Richmond Politics 02/25/2022 | | richmond.com – Richmond.com

COMPILED BY ANDREW CAIN
February 25, 2022
Gov. Glenn Youngkin shakes a student’s hand Feb. 16 before signing a bill to remove mask mandates in Virginia’s public schools.
Gov. Glenn Youngkin‘s effort to bar teaching of “inherently divisive concepts” in Virginia’s public schools has become a divisive concept in the General Assembly.
Mel Leonor reports that the Republican governor’s new education department has scrapped dozens of resources for schools aimed at promoting diversity and equity, calling them divisive and at times discriminatory.
The administration took aim at virtually every equity and diversity resource the Virginia Department of Education handed down to schools as part of its educational equity initiative, called “EdEquityVA.” That included an entire website dedicated to increasing cultural competency among Virginia teachers, and a suggested readings list that includes historian and MacArthur Fellow Ibram X. Kendi.
On Jan. 15, the day he took office, Youngkin signed an executive order that directed state education officials to audit initiatives and resources for signs of “inherently divisive concepts” and “Critical Race Theory,” an academic concept that conservatives broadly use to refer to the idea that racism is ongoing and systemic in the U.S.
In a memo accompanying her initial report to the governor, state schools Superintendent Jillian Balow describes affirmative action policies as discriminatory, suggests that historic discrimination in education may not be to blame for disparate outcomes among students of color, and rejects the idea that white people might unwittingly benefit from systemic racism and discrimination.
Youngkin praised Balow’s work as “the first step in improving Virginia’s education system, restoring high academic expectations, equipping our future generation to be career or college ready, and providing equal opportunities for all Virginia students.”
Sen. Louise Lucas, D-Portsmouth, accused Youngkin’s education department of “cruelly tearing away every attempt at promoting equity and healing division” and “instead replacing those initiatives with whitewashed history and fake news.” READ MORE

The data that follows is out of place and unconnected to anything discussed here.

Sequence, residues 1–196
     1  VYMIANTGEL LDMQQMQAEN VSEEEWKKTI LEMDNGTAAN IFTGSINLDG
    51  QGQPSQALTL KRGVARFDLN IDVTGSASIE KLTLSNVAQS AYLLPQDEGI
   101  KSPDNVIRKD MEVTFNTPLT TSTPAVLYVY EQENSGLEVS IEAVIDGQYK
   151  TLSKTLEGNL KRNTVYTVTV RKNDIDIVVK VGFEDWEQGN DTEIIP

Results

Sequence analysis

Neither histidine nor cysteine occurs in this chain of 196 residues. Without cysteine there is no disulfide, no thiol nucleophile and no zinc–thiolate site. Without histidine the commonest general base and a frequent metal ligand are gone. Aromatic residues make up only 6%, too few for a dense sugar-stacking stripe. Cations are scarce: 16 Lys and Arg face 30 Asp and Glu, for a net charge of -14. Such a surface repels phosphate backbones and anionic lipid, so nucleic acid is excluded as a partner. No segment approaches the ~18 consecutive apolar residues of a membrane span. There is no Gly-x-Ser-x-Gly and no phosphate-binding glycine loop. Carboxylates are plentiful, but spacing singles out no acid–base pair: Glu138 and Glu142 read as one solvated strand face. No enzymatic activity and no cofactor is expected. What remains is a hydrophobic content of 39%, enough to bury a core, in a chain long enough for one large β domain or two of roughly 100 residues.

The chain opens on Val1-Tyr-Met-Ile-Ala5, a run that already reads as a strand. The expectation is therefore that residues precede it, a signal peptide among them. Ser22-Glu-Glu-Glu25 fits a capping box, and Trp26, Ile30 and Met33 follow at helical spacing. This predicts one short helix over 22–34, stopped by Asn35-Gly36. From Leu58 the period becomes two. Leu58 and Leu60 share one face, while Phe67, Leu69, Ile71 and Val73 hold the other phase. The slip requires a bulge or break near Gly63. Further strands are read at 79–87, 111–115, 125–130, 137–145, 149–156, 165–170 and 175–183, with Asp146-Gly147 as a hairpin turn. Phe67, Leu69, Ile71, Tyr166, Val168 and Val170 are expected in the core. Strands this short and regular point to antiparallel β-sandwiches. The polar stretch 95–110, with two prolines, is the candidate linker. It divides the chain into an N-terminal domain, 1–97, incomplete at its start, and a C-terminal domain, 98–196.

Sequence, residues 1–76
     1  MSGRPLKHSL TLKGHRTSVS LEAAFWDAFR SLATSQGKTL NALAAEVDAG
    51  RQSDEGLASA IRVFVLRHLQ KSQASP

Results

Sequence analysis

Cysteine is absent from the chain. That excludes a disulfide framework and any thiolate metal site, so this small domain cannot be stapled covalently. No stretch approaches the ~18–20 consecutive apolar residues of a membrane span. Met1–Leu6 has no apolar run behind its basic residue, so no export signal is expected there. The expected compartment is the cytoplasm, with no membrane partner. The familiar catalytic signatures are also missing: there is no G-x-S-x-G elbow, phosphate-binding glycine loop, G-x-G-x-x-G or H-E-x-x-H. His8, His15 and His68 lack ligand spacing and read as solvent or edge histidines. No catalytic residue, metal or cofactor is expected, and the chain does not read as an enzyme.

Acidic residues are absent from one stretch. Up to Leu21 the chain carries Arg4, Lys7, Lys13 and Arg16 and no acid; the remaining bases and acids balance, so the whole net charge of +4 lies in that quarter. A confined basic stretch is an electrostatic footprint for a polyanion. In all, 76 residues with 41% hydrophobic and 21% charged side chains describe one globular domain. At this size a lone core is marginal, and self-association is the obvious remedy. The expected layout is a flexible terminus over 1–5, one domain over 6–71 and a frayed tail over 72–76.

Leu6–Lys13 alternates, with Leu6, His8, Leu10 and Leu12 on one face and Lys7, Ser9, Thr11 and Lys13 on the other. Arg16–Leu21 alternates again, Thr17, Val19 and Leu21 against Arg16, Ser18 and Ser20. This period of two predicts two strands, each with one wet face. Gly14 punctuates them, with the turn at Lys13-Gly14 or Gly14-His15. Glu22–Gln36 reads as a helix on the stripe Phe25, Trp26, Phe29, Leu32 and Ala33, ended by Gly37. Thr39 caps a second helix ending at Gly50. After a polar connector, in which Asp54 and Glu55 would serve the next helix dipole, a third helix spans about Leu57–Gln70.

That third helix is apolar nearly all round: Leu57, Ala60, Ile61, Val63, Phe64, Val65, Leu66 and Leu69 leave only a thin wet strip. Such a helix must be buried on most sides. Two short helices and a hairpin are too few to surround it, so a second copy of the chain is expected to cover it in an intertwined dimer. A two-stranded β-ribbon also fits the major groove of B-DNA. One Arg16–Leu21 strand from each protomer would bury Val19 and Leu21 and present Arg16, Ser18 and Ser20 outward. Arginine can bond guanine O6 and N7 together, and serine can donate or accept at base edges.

Kyiv: A battle is underway for control of Ukraine’s capital.
 
Judge Ketanji Brown Jackson spoke Friday after President Joe Biden announced her as his nominee to the Supreme Court to replace Justice Stephen Breyer, who is retiring at the end of the term this summer.
Supreme Court: AP reports that President Joe Biden nominated federal appeals court judge Ketanji Brown Jackson for the Supreme Court, two years after he pledged to put the first Black woman on the high court. READ MORE
VDH: Mel Leonor reports that Gov. Glenn Youngkin’s new health commissioner sparred with the state’s top epidemiologists over COVID guidance. READ MORE
Masks: Eric Kolenich reports that most Richmond-area residents can stop wearing masks under new CDC guidance. READ MORE
Economic forms: Patrick Wilson reports that filings show the stock and business interests of key members of Gov. Glenn Youngkin‘s team. READ MORE
Schapiro: Politics columnist Jeff Schapiro writes that two GOP state senators who backed a $70 million audit of a Virginia election that Joe Biden won by 10 points are running for Congress in “a MAGA state of mind.” READ MORE
HBCUs: Eric Kolenich reports that following bomb threats, Gov. Glenn Youngkin will ask for emergency funding for security at historically Black colleges and universities. READ MORE
 
Confirmation of Judge Ketanji Brown Jackson would mean the U.S. Supreme Court retains parity, in one respect.
If Jackson succeeds Justice Stephen Breyer, it will mean that four of the court’s nine justices still have law degrees from Harvard – Jackson, Chief Justice John Roberts, Neil Gorsuch and Elena Kagan – and four from Yale Justices Clarence Thomas, Samuel Alito, Sonia Sotomayor and Brett Kavanaugh.
Justice Amy Coney Barrett received her law degree from Notre Dame.
Harvard law (with 17 graduates) and Yale law (with nine graduates) have produced the most Supreme Court justices, followed by Columbia with four graduates.